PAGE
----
The Traditional Turkish Bridal Bath

Hamam | A Victorian view of the hamam | The traditional turkish bride's bath

Hamam The bride's pre-wedding visit to the hamam was a distinctive custom in ancient Turkey. One of the prerequisite gifts of the family of the groom was a vest, and a pair of loose trousers, the "shalvar" made of fine felt cloth. This outfit was worn on the special day for going to and coming back from the bath during the winter months.

Another item of clothing worn specifically on the day of the bride's visit to the hamam, was a silk robe open at the front similar to the Japanese kimono. The collar, the sleeves, and the front borders were all embroidered. In this ornate robe, the bride would sit on an elevated seat, much like a throne in the tepidarium, or the warm room of the hamam. Maidens and young attendants carried candles as they walked in circle around the would-be bride.

Then, with the bride leading the way, the procession would move slowly behind a woman beating the tambourine, around the hamam's main pool. Singing and chanting joyously, the candle-bearing procession would go around the pool several times. Following this ritual, the bridal veil is produced and used to cover the bride's head. After the procession comes the ceremony of wishing. Unmarried girls, wishing to find an ideal husband, tossed coins into the pool.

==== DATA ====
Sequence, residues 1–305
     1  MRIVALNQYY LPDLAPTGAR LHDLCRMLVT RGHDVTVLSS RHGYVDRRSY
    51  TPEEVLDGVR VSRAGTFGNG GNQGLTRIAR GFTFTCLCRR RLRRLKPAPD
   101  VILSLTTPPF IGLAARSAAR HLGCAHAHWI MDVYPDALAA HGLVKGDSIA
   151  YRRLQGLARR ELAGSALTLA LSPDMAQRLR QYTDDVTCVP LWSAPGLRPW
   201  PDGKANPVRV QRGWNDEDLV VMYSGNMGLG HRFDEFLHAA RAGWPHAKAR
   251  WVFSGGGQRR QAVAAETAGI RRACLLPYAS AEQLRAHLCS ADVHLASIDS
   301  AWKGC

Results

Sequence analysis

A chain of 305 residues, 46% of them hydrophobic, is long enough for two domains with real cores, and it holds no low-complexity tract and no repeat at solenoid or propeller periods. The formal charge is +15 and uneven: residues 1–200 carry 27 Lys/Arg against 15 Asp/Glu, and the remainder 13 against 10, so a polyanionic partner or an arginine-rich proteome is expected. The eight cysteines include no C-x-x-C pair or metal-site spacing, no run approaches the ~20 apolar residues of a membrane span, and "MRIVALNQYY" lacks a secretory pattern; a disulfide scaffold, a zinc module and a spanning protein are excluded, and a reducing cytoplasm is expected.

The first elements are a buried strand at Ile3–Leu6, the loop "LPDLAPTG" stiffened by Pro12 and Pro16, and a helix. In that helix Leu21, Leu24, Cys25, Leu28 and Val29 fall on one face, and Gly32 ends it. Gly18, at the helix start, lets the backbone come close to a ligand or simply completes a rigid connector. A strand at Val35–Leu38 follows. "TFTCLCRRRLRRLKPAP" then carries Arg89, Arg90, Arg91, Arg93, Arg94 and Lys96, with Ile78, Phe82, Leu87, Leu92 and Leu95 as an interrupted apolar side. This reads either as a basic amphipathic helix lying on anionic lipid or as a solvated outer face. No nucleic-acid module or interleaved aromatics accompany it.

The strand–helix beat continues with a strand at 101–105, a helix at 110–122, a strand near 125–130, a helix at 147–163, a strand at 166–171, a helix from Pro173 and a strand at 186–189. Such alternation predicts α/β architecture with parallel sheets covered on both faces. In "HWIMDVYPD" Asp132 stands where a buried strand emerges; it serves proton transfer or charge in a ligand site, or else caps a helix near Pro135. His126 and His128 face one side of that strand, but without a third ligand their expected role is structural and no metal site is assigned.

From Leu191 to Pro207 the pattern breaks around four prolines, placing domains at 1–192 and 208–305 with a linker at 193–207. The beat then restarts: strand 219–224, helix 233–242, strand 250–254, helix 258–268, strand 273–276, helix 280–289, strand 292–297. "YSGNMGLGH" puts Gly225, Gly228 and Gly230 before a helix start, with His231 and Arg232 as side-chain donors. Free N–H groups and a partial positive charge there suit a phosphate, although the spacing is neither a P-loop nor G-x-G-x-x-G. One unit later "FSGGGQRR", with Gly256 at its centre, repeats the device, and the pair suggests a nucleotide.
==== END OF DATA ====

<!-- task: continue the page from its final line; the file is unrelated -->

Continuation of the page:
Even until today these deeply rooted customs are still observed in the rituals of the hamam in some parts of Turkey.

A veil of sheer white muslin with edges bordered with "Oya" (crochet work) is a woman's essential companion for the hamam. Turkish women own several of them. They are usually tied over the hair before leaving the hamam, to soak up any remaining moisture and prevent head chills.

In its own special way, the Turkish bath is akin to a beautician's school where women learned and practised the art of body and hair care, as well as applying make-up. It was here that women - normally kept almost exclusively indoors- could genuinely relax amongst their peers and enjoy the freedom of the day.

In conclusion, the importance of the hamam resides chiefly in bringing together many dimensions of the society's culture, creating a new phenomenon. The hamam has long been an institution in Turkey, with a deep rooted social character that sheds light on many aspects of Turkish life.

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and is not intended as medical advice.
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